Skip to main content

2019 polls: ECIL seeks disclosure of information on EVM, VVPAT from BEL, EC

BEL unit, Bengaluru
By Venkatesh Nayak*
Readers may remember reading my despatch from September 2019 in which I had explained how Bharat Electronics Ltd. (BEL) did a volte face under The Right to Information Act, 2005 (RTI Act) about supplying information relating to Electronic Voting Machines (EVMs) and Voter Verified Paper Trail Units (VVPATs) deployed during the 2019 General Elections to the Lok Sabha.
After demanding copying charges of Rs. 1,434, the Central Public Information Officer (CPIO) returned the money claiming that BEL did not hold some of the information and that disclosing names of Engineers deputed to provide technical support for these machines at the constituency-level, would endanger their lives. The CPIO also refused access to operational manuals relating to these machines. The CPIO of Electronics Corporation Ltd. (ECIL) which also supplied EVMs and VVPATs for use during the same elections had also denied information sought in an identical RTI application.
Now in a welcome turnaround, ECIL’s First Appellate Authority (FAA) has upheld my first appeal and directed its CPIO to provide access all information which he had denied earlier.
Meanwhile BEL’s FAA directed the CPIO to transfer the queries relating to the number of EVMs and VVPATs deployed during the 2019 Lok Sabha Elections to the Election Commission of India (ECI) but upheld his decision to reject information about Engineers and operational manuals used.
After being rejected by BEL and ECIL, I had submitted an identical RTI application to ECI’s CPIO. He did not bother to send a reply for more than 40 days. Now I have filed a first appeal and am waiting for the FAA’s decision in this case. ECI’s CPIO is also required to reply to similar queries transferred to him by BEL’s CPIO.

A tale of three RTI Interventions

After closely scrutinising some of the election-related information and statistics that ECI published, on 17th June, 2019, I decided to file two identical RTI applications seeking the following information from BEL and ECIL which neither they nor the ECI have placed in the public domain:
“I would like to obtain the following information pertaining to the Electronic Voting Machines (EVMs), Voter Verified Paper Audit Trails (VVPATs) and Symbol Loading Units (SLUs) supplied by your company for use during the recently concluded General Elections to the Lok Sabha, under the RTI Act:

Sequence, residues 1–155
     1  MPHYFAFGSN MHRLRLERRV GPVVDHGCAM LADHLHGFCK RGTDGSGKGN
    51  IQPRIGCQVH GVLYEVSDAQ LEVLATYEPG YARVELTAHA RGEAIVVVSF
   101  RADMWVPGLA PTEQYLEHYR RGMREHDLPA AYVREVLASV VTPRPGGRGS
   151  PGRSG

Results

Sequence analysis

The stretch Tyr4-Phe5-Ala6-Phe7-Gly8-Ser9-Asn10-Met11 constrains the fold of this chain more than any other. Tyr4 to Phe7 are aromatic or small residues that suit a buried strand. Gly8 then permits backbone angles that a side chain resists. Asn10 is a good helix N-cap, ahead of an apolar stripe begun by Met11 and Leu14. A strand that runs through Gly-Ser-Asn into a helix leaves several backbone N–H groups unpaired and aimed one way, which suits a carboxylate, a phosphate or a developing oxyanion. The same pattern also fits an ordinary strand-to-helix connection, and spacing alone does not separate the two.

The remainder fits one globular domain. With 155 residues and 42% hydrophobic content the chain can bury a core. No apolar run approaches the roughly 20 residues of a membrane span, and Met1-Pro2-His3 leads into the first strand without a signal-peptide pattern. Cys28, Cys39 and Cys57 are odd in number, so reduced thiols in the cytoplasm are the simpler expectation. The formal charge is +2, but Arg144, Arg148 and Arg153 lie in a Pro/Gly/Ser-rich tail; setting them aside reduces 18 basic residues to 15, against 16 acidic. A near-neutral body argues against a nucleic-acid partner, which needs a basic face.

1) The maximum number of votes recordable on each EVM supplied for use in the 2019 Lok Sabha Elections,
2) The maximum number of votes printable on each VVPAT Machine supplied for use in the 2019 Lok Sabha Elections,
3) The district-wise number of Control Units of EVMs transported across India for use in the 2019 Lok Sabha Elections,
4) The district-wise number of Ballot Units of EVMs transported across India for use in the 2019 Lok Sabha Elections,
5) The district-wise number of VVPATs transported across India for use in the 2019 Lok Sabha Elections,
6) The district-wise number of thermal paper rolls used in VVPATs transported across India for use in the 2019 Lok Sabha Elections,
7) A clear photocopy of the List of Engineers with name and designation, deputed for carrying out tasks relating to the preparation of EVMs and VVPATs that was sent to every District Election Officer in India for the purpose of the 219 Lok Sabha Elections,
8) A clear photocopy of the List of Senior Level Engineers with name and designation, deputed for supervision and coordination during the preparation of EVMs and VVPATs that was sent to every District Election Officer in India for the purpose of the 2019 Lok Sabha Elections,
9) The total number of SLUs used by your Team(s) of Engineers during the 2019 Lok Sabha Elections,
10) A clear photocopy of the official document handed over to every District Election Officer during the 2019 Lok Sabha Elections containing details of every SLU allocated to your team(s) of Engineers,
11) A clear photocopy of the User Manual prepared by your company, pertaining to the VVPAT machines used during the 2019 Lok Sabha Elections, if any,
12) A clear photocopy of the User Manual prepared by your company, pertaining to the SLUs used during the 2019 Lok Sabha Elections, if any,
13) A clear photocopy of the application filed with the Office of the Patent Controller for securing a patent on VVPAT, if any, along with the postal address of such office, and
14) A clear photocopy of the application filed with the Office of the Patent Controller for securing a patent on SLU, if any, along with the postal address of such office.”
Electronic moving machines in ECIL unit, Hyderabad

ECIL CPIO’s RTI reply:

ECIL’s CPIO did not bother to send me a signed reply. Instead he uploaded some text on the RTI Online Facility without a signature replying as follows:
1) RTI Queries 3, 4, 5 & 6: ECIL’s CPIO claimed that information about EVMs and VVPATs despatched to the Lok Sabha constituencies and the number of thermal paper rolls used for printing the ballots is not readily available and they will be sent as soon as they are received.
2) RTI Queries 7 & 8: The CPIO denied access to the list of Engineers who were stationed in the constituencies to do prepare the EVMs and VVPATs for polling and their superiors who supervised the whole exercise claiming that it was personal information exempt under Section 8(1)(j) of the RTI Act.